By Lisa Damour
Regardless of our personal politics, American parents have at least one thing in common: It is our job to teach our children to be the best members they can of our beautiful democracy.
So how might parents guide their children and teenagers in processing election results that may be as surprising to them as they are to the most adults? The answer, of course, depends heavily on who the child was hoping would win.
Young people who pulled for Donald J. Trump have much to celebrate today, but they may need guidance on how to do so appropriately. Given the intense divisions surfaced by this election, and the bullying tone that dominated at times, we may need to remind ourselves and our children that victory is best paired with humility. We can point young people to the honorable convention in sports where we celebrate the win with our team, then praise the worthiness of our opponent. Parents can use these lyrics, or let them be the tune that guides their conversations: “Our candidate won. Now we do our part to bring a divided country back together by being kind to those with whom we disagree.”
Children and teenagers who were hoping for and like many, expecting, a victory for Hillary Clinton may need help processing their feelings of surprise as well as their sense of helplessness about an outcome they are powerless to change. With regard to their surprise, we can explain that the instruments we use to take the country’s temperature didn’t work in this election as they have in the past. We will learn more in the coming days about why that is true, and may see fewer surprises in the future.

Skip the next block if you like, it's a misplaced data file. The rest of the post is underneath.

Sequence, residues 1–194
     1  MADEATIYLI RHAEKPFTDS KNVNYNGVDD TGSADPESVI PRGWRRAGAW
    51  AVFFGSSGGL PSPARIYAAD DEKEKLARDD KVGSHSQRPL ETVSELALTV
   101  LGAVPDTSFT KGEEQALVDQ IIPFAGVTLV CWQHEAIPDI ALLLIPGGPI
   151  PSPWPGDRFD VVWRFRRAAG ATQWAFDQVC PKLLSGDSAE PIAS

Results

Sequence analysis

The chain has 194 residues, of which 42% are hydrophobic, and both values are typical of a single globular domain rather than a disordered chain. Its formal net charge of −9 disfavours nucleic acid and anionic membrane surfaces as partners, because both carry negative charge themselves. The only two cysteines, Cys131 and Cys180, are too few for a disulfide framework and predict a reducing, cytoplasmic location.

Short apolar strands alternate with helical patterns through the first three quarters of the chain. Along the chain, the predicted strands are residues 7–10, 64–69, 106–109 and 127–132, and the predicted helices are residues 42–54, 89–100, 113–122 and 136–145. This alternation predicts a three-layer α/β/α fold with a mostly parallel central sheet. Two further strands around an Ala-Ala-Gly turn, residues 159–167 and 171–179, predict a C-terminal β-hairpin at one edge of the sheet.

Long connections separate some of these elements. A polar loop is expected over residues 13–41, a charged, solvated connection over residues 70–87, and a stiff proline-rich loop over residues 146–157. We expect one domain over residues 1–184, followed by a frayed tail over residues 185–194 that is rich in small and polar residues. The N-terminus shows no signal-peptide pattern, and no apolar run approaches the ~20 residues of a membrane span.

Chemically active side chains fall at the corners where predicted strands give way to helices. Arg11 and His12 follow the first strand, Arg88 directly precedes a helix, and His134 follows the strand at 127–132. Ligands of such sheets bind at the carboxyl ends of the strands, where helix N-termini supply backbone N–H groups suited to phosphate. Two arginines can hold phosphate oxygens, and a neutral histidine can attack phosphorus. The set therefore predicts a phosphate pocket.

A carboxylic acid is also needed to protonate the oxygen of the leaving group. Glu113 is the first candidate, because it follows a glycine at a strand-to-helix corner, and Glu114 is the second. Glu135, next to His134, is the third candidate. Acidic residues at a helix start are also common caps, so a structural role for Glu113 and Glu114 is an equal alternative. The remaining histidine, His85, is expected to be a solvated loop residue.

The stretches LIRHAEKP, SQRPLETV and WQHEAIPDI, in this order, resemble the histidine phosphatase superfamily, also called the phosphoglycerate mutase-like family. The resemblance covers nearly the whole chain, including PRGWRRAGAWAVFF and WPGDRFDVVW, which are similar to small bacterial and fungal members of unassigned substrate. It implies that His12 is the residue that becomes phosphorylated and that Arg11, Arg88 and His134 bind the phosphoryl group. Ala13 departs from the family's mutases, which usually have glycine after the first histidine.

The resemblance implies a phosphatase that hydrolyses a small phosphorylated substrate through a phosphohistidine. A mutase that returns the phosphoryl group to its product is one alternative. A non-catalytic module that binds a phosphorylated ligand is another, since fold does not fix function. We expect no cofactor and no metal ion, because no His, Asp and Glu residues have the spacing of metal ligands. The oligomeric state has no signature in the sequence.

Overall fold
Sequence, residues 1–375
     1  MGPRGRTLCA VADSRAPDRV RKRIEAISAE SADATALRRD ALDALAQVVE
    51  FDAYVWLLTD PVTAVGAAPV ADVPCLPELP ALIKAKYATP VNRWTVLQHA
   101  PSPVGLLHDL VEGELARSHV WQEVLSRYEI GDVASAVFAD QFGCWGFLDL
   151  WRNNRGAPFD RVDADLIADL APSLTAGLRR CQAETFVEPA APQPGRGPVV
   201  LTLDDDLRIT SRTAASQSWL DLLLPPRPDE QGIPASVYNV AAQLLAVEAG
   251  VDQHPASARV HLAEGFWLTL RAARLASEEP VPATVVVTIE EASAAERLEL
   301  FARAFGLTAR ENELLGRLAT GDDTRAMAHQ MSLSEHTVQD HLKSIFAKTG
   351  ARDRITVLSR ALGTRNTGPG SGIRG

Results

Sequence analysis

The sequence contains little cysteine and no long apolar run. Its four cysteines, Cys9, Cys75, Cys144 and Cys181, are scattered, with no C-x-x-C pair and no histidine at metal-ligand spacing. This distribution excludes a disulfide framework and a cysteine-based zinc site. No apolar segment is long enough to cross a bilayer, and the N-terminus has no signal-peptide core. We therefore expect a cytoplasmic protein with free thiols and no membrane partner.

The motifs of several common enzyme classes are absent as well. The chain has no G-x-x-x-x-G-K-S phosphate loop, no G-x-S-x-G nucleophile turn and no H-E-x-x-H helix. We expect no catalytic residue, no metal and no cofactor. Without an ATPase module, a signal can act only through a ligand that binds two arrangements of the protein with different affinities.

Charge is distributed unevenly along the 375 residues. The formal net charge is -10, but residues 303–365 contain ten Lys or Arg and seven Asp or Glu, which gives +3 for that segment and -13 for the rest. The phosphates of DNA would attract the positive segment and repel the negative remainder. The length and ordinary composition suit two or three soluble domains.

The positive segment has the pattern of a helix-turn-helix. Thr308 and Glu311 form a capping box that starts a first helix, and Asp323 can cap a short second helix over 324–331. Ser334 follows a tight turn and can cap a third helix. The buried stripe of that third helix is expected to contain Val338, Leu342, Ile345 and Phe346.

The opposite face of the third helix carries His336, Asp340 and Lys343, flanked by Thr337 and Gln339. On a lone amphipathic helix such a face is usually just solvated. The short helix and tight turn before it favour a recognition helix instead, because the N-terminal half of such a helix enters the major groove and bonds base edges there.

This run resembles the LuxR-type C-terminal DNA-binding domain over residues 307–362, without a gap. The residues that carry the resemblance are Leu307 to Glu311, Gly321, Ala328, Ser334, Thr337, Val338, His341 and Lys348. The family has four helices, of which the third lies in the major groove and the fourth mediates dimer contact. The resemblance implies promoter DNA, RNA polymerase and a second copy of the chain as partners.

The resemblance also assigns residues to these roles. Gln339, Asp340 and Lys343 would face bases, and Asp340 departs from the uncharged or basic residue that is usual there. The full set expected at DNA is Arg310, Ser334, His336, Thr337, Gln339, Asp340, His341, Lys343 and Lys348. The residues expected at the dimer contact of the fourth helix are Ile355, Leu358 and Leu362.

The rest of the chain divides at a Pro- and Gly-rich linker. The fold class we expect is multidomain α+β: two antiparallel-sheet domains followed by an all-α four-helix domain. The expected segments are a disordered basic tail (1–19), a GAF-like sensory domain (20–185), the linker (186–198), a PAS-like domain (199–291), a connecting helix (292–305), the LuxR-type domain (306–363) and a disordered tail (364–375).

When it comes to supporting teenagers who feel helpless, we can remind them that America is made up of both its government and its people. When the people do not agree with the priorities of the government, they can point themselves toward the work they feel needs to be done. That may mean taking on new volunteer opportunities, directing their allowances or earnings to programs they care about, or becoming involved, or deepening their involvement, in the political process for the elections ahead.
It’s no small feat to parent through changing times. When we are working to orient ourselves to the news, we may not always have right words and answers on hand for our children. At any such moment in parenting we can turn to our children and say, “That’s a really good question, and it deserves a really good answer. Let me think about it and get back to you.”
Lisa Damour (@LDamour) is a psychologist in private practice in Shaker Heights, Ohio, a clinical instructor at Case Western Reserve University, and the director of Laurel School’s Center for Research on Girls. She is the author of “Untangled: Guiding Teenage Girls Through the Seven Transitions Into Adulthood.”